My Southern heritage

I spent a lot of time as a child in Charleston.   My dad was in the Air Force, but my mother was from Charleston and it was as much home as anywhere else.   I have listened to people talk about their  “southern heritage” and how taking down the Confederate flag threatens that heritage.   I also had a southern heritage…

I remember when I was 6 or 7 going to a store with my mom in Charleston.   I remember 3 doors:  white men,  white women,  and colored.   I remember asking her why.   I could not imagine her being mean to anyone.   She stammered for a minute.   “It is just the way things are….  ”   Those doors were part of my Southern heritage.

I remember my uncle telling me how bad blacks smelled and how lazy they were with his black maid working in the next room. The word he used started with an N.   That conversation and that word was part of my Southern heritage.

I remember being told when the civil rights workers in Mississippi were being searched for being told to be happy.    “They were getting what they deserved.”   That was part of my Southern heritage.

I lived on an Air Force Base in Colorado and my next door neighbor and best friend was black.   I remember the day I realized that if we both lived in Charleston we could not be friends and he couldn’t come to my house any more.   That was part of my Southern heritage.

I remember the day my uncle laughed and clapped and said God had answered his prayers.   Martin Luther King had been shot.   That was part of my Southern heritage.

I remember church after church after church where all God’s people were white and no one ever talked about black people other than to be glad they weren’t there.   That was part of my Southern heritage.

I remember the first time I  was told the Bible mandated the inferiority of black people. That was part of my Southern heritage.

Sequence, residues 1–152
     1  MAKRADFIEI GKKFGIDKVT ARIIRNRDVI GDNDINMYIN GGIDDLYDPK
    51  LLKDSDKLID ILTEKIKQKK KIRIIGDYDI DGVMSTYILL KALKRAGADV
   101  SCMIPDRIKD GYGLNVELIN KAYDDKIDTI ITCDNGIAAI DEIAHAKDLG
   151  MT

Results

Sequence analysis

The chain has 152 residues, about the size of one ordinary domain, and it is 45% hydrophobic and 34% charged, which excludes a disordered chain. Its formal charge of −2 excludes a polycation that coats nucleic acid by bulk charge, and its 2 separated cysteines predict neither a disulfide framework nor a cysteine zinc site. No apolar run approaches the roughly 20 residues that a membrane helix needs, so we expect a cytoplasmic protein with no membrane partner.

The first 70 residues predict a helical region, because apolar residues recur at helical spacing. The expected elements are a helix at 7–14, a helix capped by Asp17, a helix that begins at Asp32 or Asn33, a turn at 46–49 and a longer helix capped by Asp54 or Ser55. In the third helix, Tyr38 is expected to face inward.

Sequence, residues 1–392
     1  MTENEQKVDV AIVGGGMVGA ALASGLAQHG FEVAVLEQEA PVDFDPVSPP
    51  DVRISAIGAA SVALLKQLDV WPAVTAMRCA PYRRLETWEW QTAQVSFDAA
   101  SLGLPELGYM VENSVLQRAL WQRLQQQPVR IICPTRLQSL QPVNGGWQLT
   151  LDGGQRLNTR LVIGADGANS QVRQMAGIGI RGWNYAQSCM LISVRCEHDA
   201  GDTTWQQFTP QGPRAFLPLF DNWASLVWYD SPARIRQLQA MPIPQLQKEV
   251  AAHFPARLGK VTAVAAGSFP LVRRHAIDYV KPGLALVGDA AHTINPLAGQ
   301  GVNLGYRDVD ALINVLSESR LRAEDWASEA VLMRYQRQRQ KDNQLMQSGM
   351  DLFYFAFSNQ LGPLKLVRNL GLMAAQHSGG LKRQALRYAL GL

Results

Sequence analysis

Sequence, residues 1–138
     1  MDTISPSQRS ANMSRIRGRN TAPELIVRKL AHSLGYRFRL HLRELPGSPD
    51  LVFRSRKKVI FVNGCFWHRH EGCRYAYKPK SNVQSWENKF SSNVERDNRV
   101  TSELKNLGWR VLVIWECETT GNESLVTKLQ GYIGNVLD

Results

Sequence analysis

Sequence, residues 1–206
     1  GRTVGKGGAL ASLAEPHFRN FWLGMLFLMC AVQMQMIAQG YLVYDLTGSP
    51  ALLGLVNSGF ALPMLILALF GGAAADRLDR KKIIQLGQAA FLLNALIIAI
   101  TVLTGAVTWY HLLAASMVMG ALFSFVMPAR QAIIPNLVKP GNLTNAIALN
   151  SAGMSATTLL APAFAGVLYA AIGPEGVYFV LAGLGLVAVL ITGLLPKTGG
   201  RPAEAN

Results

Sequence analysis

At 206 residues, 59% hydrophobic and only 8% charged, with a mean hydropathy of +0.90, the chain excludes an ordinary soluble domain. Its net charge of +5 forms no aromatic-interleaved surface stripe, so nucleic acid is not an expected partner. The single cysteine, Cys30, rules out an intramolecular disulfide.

I remember in a high school class shortly after we moved to Tennessee listening as the senior class president proclaimed loudly “I don’t even like chocolate ice cream… I don’t like nothing black…”  That was part of my Southern heritage.

I remember when a Klu Klux Klan newspaper was brought to my high school by someone who got it from his parents and how fervently it was discussed and applauded.   That was part of my Southern heritage.

I have a Southern heritage and the flag has been symbolic but not of bravery or virtue or any historical truth.   It was about the systematic,  deliberate  and horrible attempt to enslave,  brutalize and murder a people… An attempt to cover that crime up as cultural diversity and to make excuses for the fact that freedom, opportunity and justice have been dependent on your skin color.

A couple of days after Charleston a black church was burnt in Knoxville.  Linda and I were there today and listened to people talk about the need for a new heritage to be formed and the journey ahead and the transformative power of love and forgiveness taught in Charleston.

A flag has been brought down.  Perhaps a door has been opened.   There is another place to be, a better place for all,  a place of welcome and opportunity. The last days, the last weeks have been some steps.

I liked a phrase I heard there.   “If it happens to you it happens to me…”

Maybe a start… Maybe

 

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5 thoughts on “My Southern heritage”

  1. I agree. I share much of this same heritage. I was also taught that we should treat others the way we want to be treated. I sang Jesus loves the little children ALL the children of the world. red and yellow, BLACK and white. They are precious in his sight! Above all I was taught that when you know better you do better. Please, please can’t we southerners practice some of this and give our children a better heritage to be proud of?

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